DescriptionHexadecimal returns to Distinctive for his second album titled 'Reform / Restore.' Hexadecimal made his name in 2002 after remixing Sound Alliance for James Zabiela's debut mix compilation. He then topped the DJ Magazine chart with 'Brain Machine' and produced the opening track for the Plump DJ's much acclaimed Fabric Live Mix CD.
This new record, featuring the accompanying single 'Cracks', sees Reeder take a leap forward with more life and air in his productions for a refined and positively contemporary stance on the breakbeat / bass music continuum. The opening track 'Sweat Tears Of Blood' incorporates strong syncopated percussion motifs with a down-tuned vocal for a stormy introduction. Tracks like 'Ain't No Disco' and 'Boom & Bust' fly head first into the dancefloor with huge drum stomps, soaring bass lines and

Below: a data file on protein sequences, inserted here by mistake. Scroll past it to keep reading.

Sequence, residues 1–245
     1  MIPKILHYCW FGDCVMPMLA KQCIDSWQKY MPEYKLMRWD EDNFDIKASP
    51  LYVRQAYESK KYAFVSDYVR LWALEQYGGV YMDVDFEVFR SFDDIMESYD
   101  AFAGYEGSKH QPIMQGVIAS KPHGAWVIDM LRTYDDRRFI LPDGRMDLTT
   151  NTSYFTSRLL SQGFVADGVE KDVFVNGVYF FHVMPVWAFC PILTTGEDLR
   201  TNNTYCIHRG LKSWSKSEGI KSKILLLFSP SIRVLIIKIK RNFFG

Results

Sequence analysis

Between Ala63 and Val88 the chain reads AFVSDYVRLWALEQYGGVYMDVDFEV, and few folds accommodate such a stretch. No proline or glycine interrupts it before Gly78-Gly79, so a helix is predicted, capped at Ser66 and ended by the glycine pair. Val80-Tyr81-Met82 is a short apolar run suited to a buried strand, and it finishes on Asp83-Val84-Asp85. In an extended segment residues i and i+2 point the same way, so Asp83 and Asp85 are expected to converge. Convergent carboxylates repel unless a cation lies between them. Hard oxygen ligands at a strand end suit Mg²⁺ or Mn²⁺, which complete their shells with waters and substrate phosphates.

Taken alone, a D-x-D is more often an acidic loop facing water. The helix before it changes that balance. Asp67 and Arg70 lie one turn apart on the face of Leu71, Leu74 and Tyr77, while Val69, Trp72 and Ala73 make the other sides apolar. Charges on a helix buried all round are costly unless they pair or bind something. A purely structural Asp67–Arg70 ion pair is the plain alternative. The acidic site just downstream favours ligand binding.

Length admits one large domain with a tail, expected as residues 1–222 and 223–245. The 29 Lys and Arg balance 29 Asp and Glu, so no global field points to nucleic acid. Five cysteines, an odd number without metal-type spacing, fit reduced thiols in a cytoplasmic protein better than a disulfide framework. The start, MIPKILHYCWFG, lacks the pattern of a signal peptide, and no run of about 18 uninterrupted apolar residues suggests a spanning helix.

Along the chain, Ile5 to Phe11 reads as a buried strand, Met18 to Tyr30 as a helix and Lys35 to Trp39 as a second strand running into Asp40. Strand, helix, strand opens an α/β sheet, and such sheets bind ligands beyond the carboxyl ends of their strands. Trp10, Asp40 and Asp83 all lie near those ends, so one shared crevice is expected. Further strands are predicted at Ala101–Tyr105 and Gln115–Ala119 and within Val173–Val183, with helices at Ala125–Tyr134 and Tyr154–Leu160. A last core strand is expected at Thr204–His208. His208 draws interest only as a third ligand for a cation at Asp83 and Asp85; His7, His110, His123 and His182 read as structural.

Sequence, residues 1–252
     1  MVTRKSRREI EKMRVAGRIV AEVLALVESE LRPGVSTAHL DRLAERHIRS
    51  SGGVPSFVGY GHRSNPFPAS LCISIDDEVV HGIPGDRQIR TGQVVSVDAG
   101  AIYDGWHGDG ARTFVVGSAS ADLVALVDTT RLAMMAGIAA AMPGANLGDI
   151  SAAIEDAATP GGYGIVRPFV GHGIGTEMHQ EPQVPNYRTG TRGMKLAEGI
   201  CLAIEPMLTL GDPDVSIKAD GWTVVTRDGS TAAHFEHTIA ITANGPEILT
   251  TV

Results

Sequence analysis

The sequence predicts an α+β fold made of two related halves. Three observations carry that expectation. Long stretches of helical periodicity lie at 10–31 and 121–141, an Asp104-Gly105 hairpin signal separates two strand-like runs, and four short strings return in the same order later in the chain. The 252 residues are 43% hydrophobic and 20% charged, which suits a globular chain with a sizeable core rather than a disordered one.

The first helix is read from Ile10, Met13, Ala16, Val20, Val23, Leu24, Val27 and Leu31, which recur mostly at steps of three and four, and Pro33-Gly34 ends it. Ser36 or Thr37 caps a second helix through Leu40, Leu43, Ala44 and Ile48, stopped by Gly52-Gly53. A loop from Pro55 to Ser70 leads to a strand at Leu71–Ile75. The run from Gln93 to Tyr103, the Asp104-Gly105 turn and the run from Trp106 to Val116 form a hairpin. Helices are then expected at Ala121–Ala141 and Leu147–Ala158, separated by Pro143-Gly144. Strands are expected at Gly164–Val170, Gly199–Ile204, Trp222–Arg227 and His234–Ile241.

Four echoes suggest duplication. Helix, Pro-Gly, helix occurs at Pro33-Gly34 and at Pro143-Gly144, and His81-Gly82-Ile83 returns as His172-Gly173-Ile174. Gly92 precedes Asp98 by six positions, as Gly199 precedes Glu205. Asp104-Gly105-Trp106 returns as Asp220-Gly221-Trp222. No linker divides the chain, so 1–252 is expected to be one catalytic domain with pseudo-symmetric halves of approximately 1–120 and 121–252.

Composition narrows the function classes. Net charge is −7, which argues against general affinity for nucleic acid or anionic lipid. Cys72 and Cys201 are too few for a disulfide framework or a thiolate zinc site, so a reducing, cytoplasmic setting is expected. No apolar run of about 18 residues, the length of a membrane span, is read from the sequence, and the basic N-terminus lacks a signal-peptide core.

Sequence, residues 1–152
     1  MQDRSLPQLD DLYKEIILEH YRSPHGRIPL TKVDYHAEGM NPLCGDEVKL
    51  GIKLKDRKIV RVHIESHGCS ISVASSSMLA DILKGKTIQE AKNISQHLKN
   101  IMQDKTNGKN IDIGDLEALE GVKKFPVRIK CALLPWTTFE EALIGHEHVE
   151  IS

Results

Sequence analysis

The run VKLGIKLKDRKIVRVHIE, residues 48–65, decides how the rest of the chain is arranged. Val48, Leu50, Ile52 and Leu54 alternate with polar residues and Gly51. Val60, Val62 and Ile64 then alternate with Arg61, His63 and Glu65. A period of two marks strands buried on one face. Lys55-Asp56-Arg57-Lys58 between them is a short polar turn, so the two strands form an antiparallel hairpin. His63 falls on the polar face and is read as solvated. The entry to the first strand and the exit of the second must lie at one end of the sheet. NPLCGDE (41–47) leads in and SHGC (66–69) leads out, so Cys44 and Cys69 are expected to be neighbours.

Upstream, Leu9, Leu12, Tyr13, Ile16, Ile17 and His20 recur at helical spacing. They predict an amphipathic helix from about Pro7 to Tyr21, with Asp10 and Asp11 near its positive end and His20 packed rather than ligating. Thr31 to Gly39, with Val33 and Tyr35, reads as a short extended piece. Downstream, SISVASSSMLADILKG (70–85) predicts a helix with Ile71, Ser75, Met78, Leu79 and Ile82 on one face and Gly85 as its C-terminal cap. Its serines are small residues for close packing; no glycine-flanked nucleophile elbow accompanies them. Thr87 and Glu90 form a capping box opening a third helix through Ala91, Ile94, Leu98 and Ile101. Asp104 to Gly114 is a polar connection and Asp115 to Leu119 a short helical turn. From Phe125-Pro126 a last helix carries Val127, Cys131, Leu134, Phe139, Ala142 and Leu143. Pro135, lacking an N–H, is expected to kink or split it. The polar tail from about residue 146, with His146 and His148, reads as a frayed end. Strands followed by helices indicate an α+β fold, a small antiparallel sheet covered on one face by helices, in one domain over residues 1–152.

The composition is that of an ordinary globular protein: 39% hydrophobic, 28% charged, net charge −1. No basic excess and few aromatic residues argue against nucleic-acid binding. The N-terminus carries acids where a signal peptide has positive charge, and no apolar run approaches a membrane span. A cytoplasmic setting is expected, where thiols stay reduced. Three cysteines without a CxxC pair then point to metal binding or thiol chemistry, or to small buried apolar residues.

'Grow & Change' is a mutant fusion of acid, breakbeat and Dubstep that maintains the historical lineage and cutting edge techniques of all three. Live beatbox extraordinaire, the Melbourne-based artist Dub FX, lends his vocal talents to the staggering 'Open Your Eyes'. 'Emotive' is an old school half-time dubstep heater with a cracking vocal from Kurnel MC, swiftly follwed by a twisted mixture of synth bass, dub skanks and rock guitar licks on 'Trauma'. The album then rounds off with the melodic 'Which Way', featuring Ingrid Hakanson doing her sultry best.
Here what he had to say about the release:
"Reform / Restore is a concept based around the last few crazy years of my life. Since writing my first album 'Base 16' I have been on a rollercoaster ride I could never have imagined. I have experienced a mixture of emotions & encounters. Each track on this album is based on one of those experiences, my near fatal car accident, meeting my fiancee, moving to New Zealand and surviving the full force of mother nature during the 2011 Christchurch earthquakes.
Reform / Restore is dedicated to anyone who has faced a near impossible situation and with the odds stacked against them has used positivity to help turn their life around." Scott Reeder (Hexadecimal)